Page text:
By Robin Jovanovich

It was crunch week when we visited Resurrection Grammar School for a “refresher course” on what they’ve been up to of late.

The upcoming school play was on the mind of Sr. Anne Massell, Principal. “One of our parents is a builder who owns the oldest house in Port Chester, and she helped students build the set,” said Sister Massell, who has led the school for five years.

As a school dedicated to family, responsibility, and charity, we weren’t surprised to discover that Sister Massell was co-directing the play.

At Resurrection, everyone pitches in.

Starting in preschool, Resurrection students are taught that there is a world beyond the school walls, and that many of the people who live outside those walls need food, care, and affection.

Preschoolers bring in food for Caritas, the soup kitchen and food pantry in Port Chester. Eighth graders, in one month, collected 400 pounds of perishables for the center.

Three Montessori classes make baskets for special needs patients of the Elizabeth Seton Pediatric Center in White Plains. First graders write letters to veterans.

“We gave second and third graders the option of helping make placemats for a holiday meal we were serving at POTS, or go out for recess,” related Sr. Massell, “and they all chose to help.”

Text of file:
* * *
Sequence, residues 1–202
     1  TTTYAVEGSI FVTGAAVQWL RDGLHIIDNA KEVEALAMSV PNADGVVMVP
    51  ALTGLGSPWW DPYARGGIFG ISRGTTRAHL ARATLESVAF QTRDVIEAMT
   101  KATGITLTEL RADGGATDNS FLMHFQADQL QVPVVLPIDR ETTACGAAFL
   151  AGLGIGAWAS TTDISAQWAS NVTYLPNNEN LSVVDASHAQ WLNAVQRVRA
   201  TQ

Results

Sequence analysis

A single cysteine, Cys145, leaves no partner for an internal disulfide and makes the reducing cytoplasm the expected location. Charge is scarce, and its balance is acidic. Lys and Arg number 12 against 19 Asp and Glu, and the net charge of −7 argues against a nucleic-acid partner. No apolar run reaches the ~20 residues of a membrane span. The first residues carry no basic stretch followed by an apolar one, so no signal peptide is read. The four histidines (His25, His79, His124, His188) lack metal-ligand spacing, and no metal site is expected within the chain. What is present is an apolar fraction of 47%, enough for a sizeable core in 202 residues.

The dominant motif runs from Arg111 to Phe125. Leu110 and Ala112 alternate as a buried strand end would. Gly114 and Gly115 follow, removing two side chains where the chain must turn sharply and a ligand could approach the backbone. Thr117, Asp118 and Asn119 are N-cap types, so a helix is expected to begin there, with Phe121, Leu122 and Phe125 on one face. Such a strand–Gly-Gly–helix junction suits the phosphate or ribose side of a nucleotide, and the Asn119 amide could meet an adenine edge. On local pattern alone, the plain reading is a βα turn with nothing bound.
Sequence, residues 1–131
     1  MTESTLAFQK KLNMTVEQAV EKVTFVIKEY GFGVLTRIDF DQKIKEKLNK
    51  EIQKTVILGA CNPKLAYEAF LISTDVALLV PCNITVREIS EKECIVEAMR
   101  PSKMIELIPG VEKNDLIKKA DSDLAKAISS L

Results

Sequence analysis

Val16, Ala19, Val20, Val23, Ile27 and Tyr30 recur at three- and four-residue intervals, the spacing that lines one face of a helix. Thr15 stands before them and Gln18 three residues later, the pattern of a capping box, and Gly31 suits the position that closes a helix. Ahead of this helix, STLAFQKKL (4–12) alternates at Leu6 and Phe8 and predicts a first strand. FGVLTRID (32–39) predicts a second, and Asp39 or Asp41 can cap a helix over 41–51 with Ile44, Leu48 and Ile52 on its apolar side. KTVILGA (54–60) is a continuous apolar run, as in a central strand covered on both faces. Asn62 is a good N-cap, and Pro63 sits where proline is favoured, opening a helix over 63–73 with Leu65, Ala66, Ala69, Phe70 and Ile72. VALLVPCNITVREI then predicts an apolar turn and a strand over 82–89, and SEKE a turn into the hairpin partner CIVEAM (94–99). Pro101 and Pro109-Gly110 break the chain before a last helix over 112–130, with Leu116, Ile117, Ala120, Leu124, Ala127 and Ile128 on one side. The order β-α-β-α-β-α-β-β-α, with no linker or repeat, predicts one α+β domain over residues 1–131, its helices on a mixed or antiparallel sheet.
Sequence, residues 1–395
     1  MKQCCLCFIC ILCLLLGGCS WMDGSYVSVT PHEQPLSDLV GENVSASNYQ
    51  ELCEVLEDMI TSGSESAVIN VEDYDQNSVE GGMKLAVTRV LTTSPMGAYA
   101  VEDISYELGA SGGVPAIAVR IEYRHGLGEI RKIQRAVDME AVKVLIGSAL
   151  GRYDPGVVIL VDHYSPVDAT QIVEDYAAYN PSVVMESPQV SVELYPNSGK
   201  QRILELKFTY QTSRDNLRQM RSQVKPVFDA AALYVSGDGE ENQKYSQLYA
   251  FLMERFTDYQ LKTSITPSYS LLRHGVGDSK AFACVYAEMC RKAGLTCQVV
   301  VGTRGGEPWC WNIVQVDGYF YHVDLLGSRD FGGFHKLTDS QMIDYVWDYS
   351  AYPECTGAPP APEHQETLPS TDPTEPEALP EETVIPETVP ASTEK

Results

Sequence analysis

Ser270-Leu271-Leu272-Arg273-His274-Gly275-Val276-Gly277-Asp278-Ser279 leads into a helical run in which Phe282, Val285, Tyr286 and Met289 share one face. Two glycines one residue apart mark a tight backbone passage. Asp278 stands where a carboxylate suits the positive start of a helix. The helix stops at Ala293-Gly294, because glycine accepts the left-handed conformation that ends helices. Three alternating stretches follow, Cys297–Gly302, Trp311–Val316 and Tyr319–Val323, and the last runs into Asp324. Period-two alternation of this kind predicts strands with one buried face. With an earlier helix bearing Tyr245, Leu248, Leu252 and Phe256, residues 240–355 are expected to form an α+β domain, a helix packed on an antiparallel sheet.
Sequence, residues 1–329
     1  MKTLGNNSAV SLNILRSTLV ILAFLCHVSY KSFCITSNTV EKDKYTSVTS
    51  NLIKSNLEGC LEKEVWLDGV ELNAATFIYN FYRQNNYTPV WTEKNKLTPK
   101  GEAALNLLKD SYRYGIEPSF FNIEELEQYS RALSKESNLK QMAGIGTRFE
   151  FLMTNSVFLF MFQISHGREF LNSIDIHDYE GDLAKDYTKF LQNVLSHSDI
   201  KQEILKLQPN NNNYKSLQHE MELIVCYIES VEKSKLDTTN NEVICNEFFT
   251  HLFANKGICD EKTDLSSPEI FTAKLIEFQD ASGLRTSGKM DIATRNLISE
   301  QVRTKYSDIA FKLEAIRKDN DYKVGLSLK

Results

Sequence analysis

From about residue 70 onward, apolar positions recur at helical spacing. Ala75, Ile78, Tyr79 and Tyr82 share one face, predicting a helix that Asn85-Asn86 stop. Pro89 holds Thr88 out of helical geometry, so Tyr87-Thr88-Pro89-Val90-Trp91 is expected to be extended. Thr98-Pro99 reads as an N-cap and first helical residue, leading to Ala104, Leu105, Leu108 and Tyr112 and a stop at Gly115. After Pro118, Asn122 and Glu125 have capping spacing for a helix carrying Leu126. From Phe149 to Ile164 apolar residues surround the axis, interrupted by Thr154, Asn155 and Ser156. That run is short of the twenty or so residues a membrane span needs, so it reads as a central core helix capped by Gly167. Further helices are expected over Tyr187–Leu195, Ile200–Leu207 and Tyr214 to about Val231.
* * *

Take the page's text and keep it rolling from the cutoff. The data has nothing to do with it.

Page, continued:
Second graders recently pulled together toiletries for a Shower program at POTS, the Bronx-based nonprofit organization, of which Resurrection is an active participant.

“As much as we’re helping them, they’re helping us,” said Sister Massell. “It’s a give and take on both parts.”

Eighth graders bring back great stories from Midnight Run, according to longtime parent/volunteer Karen O’Hara. “At first, the children are a little hesitant around the homeless population we serve, but by the last stop, they are conversing and comforting.”

At Resurrection, every grade knows about Midnight Run. “It’s a badge of honor,” said O’Hara. The students make soup and sandwiches, with their parents, beforehand.

What every Resurrection student receives from the start is “the building blocks to become good citizens. By middle school, they have the initiative and are taking the lead,” said Sr. Massell.

 

Resurrection fifth graders holding a bake sale

Eighth graders putting together donations for a Midnight Run

Loading a car up for a food delivery to Caritas